First uttered by Prince in 1982, but perhaps more poignant for a Lehman's employee, HBOS employee, Gordon Brown, take your pick…as we have experienced one of the most tumultuous weeks the market has seen in decades. Richard Fuld had possibly the most chronic case of Monday-itis in history, made all the more enjoyable I'm sure by thousands defacing his portrait outside the office. And flying in the face of the recession was Damien Hirst, laughing himself all the way to the (hopefully not Lehman's) bank with his art netting record prices at Sotheby's.  

As you will know by know, Monday 15 September delivered the news that Lehman Brothers, the fourth largest securities and investment bank in the US, filed for bankruptcy. Following the collapse of negotiations with the Korean Development Bank, Barclays and Bank of America to ensure liquidity, Lehman's filed for bankruptcy, setting into motion a chain of seismic events that have shaken financial markets to their core.  

Following Lehman's, casualties of the credit crunch began to mount as banks showed their hand, revealing the extent of their bluff. Merrill Lynch was sold to Bank of America for $50 Billion, insurance giant AIG was bailed out by the Federal Reserve and Lehman assets were bought by Barclays for £2 billion. The honeymoon period expected after the Federal Reserve intervention to bail out Freddie Mac and Fannie Mae was abruptly cut short. Stocks and shares plummeted, the US Dollar sunk and over a matter of days $3 trillion was wiped off the market. 

In the UK, a $22 billion pound merger between Lloyds TSB and HBOS, the biggest in British history, was hurried through in an attempt to inject confidence into British markets. Currency fluctuations have mirrored market trends towards instability this week with gains to be made for hawk-eyed traders. Up to the minute information is crucial in this volatile environment, speak to your dealer for the latest news.

The response from Governments and Central Banks around the world has been immediate and hawkish. The Federal Reserve has co-ordinated moves to inject $247 billion worth of emergency funds to facilitate inter-bank lending and improve shallow liquidity.

Most recently, a US government plan to create a federally sponsored entity to house “toxic debts” of financial institutions sent share prices soaring in the US and UK as a wave of optimism swept markets. The plan will be subject to congressional approval, but alongside the temporary ban on short selling, contributed to a rally in shares that provided the largest gain in 6 years for AIG. The London FTSE 100 index gained over 300 points in early trading this morning and the Pound gained against the dollar overnight.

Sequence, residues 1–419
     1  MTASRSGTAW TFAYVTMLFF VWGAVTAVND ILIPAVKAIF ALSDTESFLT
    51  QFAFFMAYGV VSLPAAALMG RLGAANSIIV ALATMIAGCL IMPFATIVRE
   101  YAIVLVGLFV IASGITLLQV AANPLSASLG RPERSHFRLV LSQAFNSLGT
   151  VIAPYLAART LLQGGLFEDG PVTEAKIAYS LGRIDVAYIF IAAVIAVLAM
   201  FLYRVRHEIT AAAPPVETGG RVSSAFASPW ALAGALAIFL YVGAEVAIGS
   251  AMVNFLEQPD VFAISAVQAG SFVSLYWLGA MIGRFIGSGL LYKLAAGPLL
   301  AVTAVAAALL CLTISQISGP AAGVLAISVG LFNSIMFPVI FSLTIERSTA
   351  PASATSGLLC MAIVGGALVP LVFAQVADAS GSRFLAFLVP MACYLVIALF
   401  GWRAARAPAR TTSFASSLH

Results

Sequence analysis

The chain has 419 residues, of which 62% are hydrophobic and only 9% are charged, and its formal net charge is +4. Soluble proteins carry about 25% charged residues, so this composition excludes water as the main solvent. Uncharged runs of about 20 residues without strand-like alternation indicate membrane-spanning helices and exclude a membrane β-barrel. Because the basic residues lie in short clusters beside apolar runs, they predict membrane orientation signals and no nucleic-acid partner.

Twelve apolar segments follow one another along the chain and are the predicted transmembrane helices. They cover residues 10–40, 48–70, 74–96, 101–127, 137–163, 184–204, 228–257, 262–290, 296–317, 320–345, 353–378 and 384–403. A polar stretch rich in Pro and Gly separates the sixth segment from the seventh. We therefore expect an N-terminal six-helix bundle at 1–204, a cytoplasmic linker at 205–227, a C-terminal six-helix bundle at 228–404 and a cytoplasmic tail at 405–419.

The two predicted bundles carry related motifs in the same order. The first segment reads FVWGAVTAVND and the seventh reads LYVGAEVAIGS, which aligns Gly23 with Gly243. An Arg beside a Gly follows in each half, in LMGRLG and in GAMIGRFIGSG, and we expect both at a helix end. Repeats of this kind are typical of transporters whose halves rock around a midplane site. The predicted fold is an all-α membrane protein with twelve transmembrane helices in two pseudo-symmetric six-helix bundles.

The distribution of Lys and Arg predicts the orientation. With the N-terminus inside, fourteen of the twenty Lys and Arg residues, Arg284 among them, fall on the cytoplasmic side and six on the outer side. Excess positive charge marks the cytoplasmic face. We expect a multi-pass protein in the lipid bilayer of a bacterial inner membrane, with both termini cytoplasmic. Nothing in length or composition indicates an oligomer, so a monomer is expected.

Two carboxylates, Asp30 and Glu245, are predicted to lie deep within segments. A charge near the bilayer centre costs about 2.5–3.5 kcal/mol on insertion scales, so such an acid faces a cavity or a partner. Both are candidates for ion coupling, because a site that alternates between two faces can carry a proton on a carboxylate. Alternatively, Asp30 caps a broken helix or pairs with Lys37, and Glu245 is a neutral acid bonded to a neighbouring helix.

This overwhelming combination of news has led to a vociferous outpouring of superlatives from commentators and claims of a “tectonic” shift in financial landscapes. Although market conditions have been characterised by responsive moves and flighty investors, Sterling has been showing resilience and the Euro has also retained its composure. Polish Zloty and Czech rates are stronger with most major currencies unpredictable at the moment, waiting on the fall out of Sterling and Dollar.

Economic data from the UK has been muted this week in relation to the fireworks on Wall Street but is insightful nevertheless. MPC minutes reveal members voted 8-1 to keep interest rate cuts on hold and The Bank of England announced the extension of its Special Liquidity Scheme. The FSA has placed a ban on short selling until 16 January 2009 and British retail data released yesterday continues to confound expectations, showing the number of sales is up 1.2% for August and 3.3% for the year. 

Commodities have gained in value as nervous investors favour tangible assets. Oil is up to $98 a barrel after hovering around $92 all week and gold posted a 10% rise on Wednesday, one of its largest gains ever. Perhaps we will see a few more Hirst's on the market, not a bad idea considering the figures - you could practically buy a bank for that these days! 

Have a good weekend